Yesterday I wrote about Justin Williams’ return from a few angles including the transition, leadership and other things mostly off the ice.
Today’s Daily Joe more so considers Justin Williams as a player and how his return could impact the lineup.
For as much is legitimately made about Williams’ leadership during the 2018-19 season, he was also a very productive player. His 23 goals were second on the 2018-19 Carolina Hurricanes behind only Sebastian Aho, and his 53 points trailed only Aho and Teuvo Teravainen. So Williams’ signing is not the case of a wily veteran who is a great addition for the locker room but is necessarily limited in terms of offensive production.
But what about his age and declining speed?
Some question whether Williams has lost too much in terms of speed to be effective at the NHL level. I think that concern is overdone. Yes, Williams does have weaknesses, but he is already multiple years into being a productive player without speed as an asset. So even if he lost a tiny bit more as compared to the 2018-19, speed this is not what drives Williams’ productivity.
And what about the eight-month layoff and the risk in general?
No doubt Justin Williams has some work to do to get back up to game speed quickly at a time when most players are already there. It could take awhile for him to get up to speed, but in total I think missing the first half of the 2019-20 season could be a positive too. If Williams can re-find a higher gear, he will be peaking just in time for the playoff stretch run and the playoffs themselves. And when some players are trying to find energy after a long 82-game season, Williams should still be fresh. With the risk of him just not making it back up to NHL speed acknowledged, I think the the long layoff is more likely to be a positive than a negative.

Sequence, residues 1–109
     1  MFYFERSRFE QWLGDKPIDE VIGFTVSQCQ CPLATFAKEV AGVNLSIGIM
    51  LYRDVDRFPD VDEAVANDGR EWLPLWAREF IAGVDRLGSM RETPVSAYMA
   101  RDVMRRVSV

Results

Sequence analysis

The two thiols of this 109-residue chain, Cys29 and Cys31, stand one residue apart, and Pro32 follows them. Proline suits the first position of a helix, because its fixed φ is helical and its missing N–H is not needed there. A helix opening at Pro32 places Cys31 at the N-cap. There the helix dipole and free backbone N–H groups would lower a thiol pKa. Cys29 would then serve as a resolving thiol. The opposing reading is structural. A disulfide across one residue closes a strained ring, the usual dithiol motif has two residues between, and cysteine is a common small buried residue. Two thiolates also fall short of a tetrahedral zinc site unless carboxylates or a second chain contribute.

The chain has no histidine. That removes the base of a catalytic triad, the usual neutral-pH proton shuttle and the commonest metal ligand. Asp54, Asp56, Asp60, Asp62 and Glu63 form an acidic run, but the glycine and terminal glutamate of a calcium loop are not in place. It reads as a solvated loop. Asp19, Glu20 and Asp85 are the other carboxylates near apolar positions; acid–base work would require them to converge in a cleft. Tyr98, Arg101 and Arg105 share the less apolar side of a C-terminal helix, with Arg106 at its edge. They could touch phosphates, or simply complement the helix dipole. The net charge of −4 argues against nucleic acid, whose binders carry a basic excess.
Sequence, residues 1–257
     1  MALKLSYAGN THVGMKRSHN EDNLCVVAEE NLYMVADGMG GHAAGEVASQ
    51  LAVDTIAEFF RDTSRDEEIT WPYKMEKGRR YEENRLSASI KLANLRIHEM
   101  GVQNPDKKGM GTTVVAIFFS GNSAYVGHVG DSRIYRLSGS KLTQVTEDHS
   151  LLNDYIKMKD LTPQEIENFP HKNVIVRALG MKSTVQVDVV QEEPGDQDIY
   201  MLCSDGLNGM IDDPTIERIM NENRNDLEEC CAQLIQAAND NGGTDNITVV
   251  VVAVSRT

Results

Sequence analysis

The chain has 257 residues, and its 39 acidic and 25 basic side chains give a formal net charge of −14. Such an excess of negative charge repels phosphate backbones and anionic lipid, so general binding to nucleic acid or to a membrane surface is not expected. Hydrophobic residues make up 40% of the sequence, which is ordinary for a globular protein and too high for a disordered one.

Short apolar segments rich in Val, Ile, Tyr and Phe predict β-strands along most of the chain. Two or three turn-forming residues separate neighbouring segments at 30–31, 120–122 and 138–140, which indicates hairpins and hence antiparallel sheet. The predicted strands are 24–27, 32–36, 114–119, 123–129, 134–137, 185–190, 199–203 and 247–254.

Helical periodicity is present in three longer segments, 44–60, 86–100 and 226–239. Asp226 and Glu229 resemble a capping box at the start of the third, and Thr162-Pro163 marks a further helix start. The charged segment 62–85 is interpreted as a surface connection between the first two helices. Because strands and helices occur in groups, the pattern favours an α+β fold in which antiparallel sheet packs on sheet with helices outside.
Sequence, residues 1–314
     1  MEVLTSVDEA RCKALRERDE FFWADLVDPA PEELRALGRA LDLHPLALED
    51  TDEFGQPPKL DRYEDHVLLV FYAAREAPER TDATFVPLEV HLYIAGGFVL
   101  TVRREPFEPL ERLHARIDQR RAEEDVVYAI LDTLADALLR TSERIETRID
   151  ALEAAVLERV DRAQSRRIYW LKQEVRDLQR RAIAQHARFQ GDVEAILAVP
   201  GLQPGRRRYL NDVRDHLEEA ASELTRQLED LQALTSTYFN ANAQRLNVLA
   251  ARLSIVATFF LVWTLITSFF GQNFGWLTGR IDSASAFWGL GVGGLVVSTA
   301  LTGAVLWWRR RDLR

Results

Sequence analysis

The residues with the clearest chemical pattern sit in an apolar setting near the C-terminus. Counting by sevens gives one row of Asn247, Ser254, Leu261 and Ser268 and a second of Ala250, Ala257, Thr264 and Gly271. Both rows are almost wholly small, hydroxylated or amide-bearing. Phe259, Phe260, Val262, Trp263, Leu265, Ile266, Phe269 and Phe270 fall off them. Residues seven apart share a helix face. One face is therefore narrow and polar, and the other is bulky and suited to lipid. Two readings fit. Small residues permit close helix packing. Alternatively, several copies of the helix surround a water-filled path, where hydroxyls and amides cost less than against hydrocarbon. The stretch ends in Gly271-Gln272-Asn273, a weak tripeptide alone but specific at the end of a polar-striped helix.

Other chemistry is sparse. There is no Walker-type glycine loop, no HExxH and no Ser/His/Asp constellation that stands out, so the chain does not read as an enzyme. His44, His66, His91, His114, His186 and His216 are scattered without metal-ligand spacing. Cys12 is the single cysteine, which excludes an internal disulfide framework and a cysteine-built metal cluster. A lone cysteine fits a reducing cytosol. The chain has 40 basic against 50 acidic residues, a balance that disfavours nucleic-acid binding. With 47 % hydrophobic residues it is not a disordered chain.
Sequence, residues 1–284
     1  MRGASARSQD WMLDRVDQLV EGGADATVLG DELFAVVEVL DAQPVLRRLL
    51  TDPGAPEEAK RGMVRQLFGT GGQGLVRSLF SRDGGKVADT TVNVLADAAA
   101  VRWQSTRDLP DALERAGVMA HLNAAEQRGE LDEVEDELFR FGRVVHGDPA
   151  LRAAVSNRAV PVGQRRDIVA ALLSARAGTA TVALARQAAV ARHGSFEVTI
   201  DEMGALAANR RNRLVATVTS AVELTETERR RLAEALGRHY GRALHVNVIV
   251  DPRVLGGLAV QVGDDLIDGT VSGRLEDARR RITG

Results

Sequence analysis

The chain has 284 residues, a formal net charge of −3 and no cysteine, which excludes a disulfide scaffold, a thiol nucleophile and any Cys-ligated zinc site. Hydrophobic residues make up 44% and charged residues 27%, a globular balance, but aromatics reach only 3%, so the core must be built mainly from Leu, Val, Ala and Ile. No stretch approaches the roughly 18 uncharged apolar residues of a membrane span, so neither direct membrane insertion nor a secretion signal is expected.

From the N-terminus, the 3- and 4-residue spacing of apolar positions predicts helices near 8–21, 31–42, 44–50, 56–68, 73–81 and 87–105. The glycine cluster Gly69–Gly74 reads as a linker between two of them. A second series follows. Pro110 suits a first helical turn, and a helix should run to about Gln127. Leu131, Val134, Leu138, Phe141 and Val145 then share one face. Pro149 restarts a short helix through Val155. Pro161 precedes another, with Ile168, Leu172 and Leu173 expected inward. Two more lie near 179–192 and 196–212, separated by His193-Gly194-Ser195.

Any time a team adds a player during the season, there is a risk that the player does not mesh with the existing personnel. Though that is true with Williams too, I think the risk he brings is less than if the Hurricanes instead added someone from outside the organization. Williams is already a known quantity in the locker, and the players are already familiar with playing with him. Further, he knows the system and also has familiarity with most of the players.
At the most basic level, Just Williams gets the team back up to 13 forwards. The AHL call ups were serviceable at the NHL level, but none of them were productive on the score sheet. So while it is great to have some deeper depth available if needed, Williams makes the team deeper with forwards who can produce offense. That helps immediately but could be even more significant if the team experiences an injury or two at the forward position.
So where does he slot and what is his role?
Once he is ready to step into the lineup, I would slot Williams into the fourth line and then just let things progress naturally from there. A fourth line start would keep his minutes down a bit as he gets up to speed. And with Lucas Wallmark playing well, it is not as if that line needs to settle for being a no-scoring checking line. s
In addition, Williams can be effective in a net front presence role on the power play. The power play which has been good anyway could benefit from another player who can score from in close.
From that starting point, I think best would be to let a move up the depth chart come naturally based on how well Williams is playing, how well the top three lines are functioning and injuries. I would not get bogged down in trying to figure that out nor would I be working toward a schedule.
Justin Williams contract will pay him $700,000 (annual amount) and also up to $1.3 million of incentive-based bonuses. He will earn $250,000 if he plays 20 games and $250,000 more if the Hurricanes make the playoffs. Then he earns $100,000 per round won in the playoffs. Finally, Williams could net $250,000 if the team wins the Stanley Cup and another $250,000 if he wins the Conn Smythe. (All salary information is from CapFriendly.) So I would classify only $500,000 of the bonus probable followed by another $300,000 possible per round. And if the $500,000 related to the Stanley Cup comes into play, no one will care about Williams’ salary. In addition, the Hurricanes will have the right to defer the cap hit for the bonuses such that required cap hit for 2019-20 is just the salary portion.
Also worth noting is that by signing Williams to a minimum salary with the rest in deferrable bonuses, the Hurricanes will still have room to add another player at the trade deadline if they choose.
What say you Canes fans?
1) Where would you slot Justin Williams into the lineup when he returns? And where do you think he will ultimately end up?
2) To what degree are you concerned that the combination of the layoff and Williams’ speed could limit Williams in 2019-20?
3) What do you predict for Williams’ role and production during the regular season and hopefully into the playoffs?